Town planning, TABA, TAMA 38 and urban renewal are some of the topics we covered in the last issue. But what if you can’t count on these options to increase the value and aesthetics of your property?
A comprehensive interior makeover can be an asset, either for your own enjoyment and comfort or for resale. High-end residential renovations can make your home a haven and bring it into the 21st century, but might involve a number of extra challenges–and rewards.
Israel is notorious for red tape, and while the result may be worth it, the process can be time-consuming. Structural changes, building on to an existing structure and alterations that affect shared infrastructure will all require building permits.
If you think inside the box and make only interior changes, you won’t need building permits even if you redo your entire home. You’ll cut renovation time in half and still gain a fresh, new home space.
Regardless of the need for permits, design is the first step. A good architect will draw up a plan based on your needs and offer you alternate layouts to find the one that works best for you.
A renovation can’t be based on architectural plans alone and should incorporate specifications from all relevant professionals. Electrical, air conditioning, plumbing and other relevant consultants are essential at this stage of the process.
Decisions regarding heating and cooling systems—such as underfloor heating, central air-conditioning and smart home technology—should be incorporated in the plan at the design stage and all these consultants should be coordinated by your architect.
The process of turning a plan on paper to a house of brick and mortar (or, more appropriately for Israel, cement and Jerusalem stone) is the work of a good contractor. He must be trustworthy, familiar with current building practices and able to work amicably with others. He must also be able to maintain a tight schedule and smoothly integrate his subcontractors into the project.
No contractor, no matter how good or honest, can catch every mistake during construction. Even though part of an architect’s job, particularly in high-end construction, is to make periodic visits and oversee the progress on the ground, it’s vital to have a qualified building supervisor who will be on-site every day and will ensure quality work and adherence to all specifications. Your architect should be able to recommend a few reliable supervisors.
Natural stone and marble, kitchen and closet carpentry, hardwood or tile flooring, doors, windows and metalwork are some of the items that require installation during or after construction. These finishes determine the look and atmosphere of your home and can transform the end result from pedestrian to transcendent. There is, of course, a wide range in quality, cost and customer service. Your architect should be able to guide you in sourcing the best suppliers and craftsmen within your budget.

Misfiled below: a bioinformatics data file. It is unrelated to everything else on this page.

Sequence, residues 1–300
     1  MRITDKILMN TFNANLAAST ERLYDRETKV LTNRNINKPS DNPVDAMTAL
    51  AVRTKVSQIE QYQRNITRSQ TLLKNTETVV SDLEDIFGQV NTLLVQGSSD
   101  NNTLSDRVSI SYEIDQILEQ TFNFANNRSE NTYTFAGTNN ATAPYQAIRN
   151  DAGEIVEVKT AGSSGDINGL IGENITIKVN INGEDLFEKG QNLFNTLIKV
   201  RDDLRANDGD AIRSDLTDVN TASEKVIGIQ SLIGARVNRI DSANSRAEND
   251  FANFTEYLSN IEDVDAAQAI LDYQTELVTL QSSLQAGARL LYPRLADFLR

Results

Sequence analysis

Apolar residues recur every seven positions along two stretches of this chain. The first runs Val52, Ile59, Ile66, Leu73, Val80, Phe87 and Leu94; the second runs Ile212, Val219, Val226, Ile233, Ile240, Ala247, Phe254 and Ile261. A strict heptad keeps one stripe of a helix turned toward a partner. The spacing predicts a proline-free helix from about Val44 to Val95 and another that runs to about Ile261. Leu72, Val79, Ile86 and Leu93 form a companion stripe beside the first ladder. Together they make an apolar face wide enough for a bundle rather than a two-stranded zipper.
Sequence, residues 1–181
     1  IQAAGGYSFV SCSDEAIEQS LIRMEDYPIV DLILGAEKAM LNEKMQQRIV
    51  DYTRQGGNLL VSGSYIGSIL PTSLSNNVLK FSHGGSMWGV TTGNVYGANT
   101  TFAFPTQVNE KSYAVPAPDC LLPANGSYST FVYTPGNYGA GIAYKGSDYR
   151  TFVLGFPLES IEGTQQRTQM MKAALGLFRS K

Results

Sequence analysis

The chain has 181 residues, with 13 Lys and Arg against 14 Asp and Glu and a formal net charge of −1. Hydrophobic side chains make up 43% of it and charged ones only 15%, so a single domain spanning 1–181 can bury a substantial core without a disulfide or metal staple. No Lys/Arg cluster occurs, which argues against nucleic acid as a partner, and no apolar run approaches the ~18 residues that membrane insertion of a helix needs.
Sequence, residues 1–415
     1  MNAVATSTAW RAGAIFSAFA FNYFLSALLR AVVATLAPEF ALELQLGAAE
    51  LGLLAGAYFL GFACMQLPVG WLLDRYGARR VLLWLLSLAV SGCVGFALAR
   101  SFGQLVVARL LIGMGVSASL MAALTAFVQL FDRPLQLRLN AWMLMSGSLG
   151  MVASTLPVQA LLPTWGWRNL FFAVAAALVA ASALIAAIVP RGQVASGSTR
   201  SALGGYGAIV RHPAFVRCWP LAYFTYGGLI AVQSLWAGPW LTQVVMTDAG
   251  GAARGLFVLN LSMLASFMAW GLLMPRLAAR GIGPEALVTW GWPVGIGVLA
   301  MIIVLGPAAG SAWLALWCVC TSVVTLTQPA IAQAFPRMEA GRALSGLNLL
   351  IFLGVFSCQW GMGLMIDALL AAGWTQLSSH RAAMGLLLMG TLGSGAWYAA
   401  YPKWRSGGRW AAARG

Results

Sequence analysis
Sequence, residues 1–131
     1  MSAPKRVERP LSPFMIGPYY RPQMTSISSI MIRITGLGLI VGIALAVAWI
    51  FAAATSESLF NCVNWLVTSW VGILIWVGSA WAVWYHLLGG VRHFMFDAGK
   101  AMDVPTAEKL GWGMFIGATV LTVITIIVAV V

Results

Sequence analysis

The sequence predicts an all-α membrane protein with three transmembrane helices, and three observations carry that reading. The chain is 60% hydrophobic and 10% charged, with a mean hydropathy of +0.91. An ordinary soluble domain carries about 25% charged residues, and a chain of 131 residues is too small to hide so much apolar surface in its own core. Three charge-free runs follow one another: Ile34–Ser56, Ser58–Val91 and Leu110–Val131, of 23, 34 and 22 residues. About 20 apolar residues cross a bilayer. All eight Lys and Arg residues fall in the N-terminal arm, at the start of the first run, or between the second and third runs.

Heat exchange pumps offering low-cost water heating, inverter air conditioners, energy-efficient split-control central air, and underfloor heating to maintain a constant and comfortable temperature throughout the winter… these are just a few of the innovative climate control systems available today. Correct planning can integrate these systems into the design of your home, according to your family’s specific requirements.
High-tech home systems are constantly being developed and refined. The idea is that the homeowner can have full control over various systems, from any room in the house, or even through your mobile phone or computer. Shabbos timers, air-conditioning, lighting, heating, blinds, audio and alarm systems can be seamlessly incorporated, controlled, monitored and adjusted conveniently and remotely—from anywhere and at any time.
Selecting the right furniture is like choosing a basic wardrobe. Some like a classic look, while others prefer a contemporary or eclectic aesthetic. The furniture and accessories you choose to dress your home are a reflection of your own unique personality. Balance off-the-shelf solutions with custom-made pieces to reduce costs but make the space personal and charming. Upholstering wall panels with the same fabric as your bed bases, for example, or coordinating armchair legs with your stair railing, are simple touches that can make an extraordinary impression.
From front door to bedroom closet, dining room table to kitchen, walk-in closet to living room breakfront—high quality carpentry can serve as a practical and striking feature in your home. Your architect will have worked with craftsmen who are experts in their field and specialize in the specific items in your overall design. By using tried and tested professionals who have worked together before, you help ensure the quality of the end result.
Miles has been working in the field of architecture in Israel and overseas since 1992. His 25 years of experience has provided Miles with an extremely broad palette for design and problem solving which he now apples to every project large or small.
Miles can be reached at 054-436-4492 or through his website www.mileshartog.com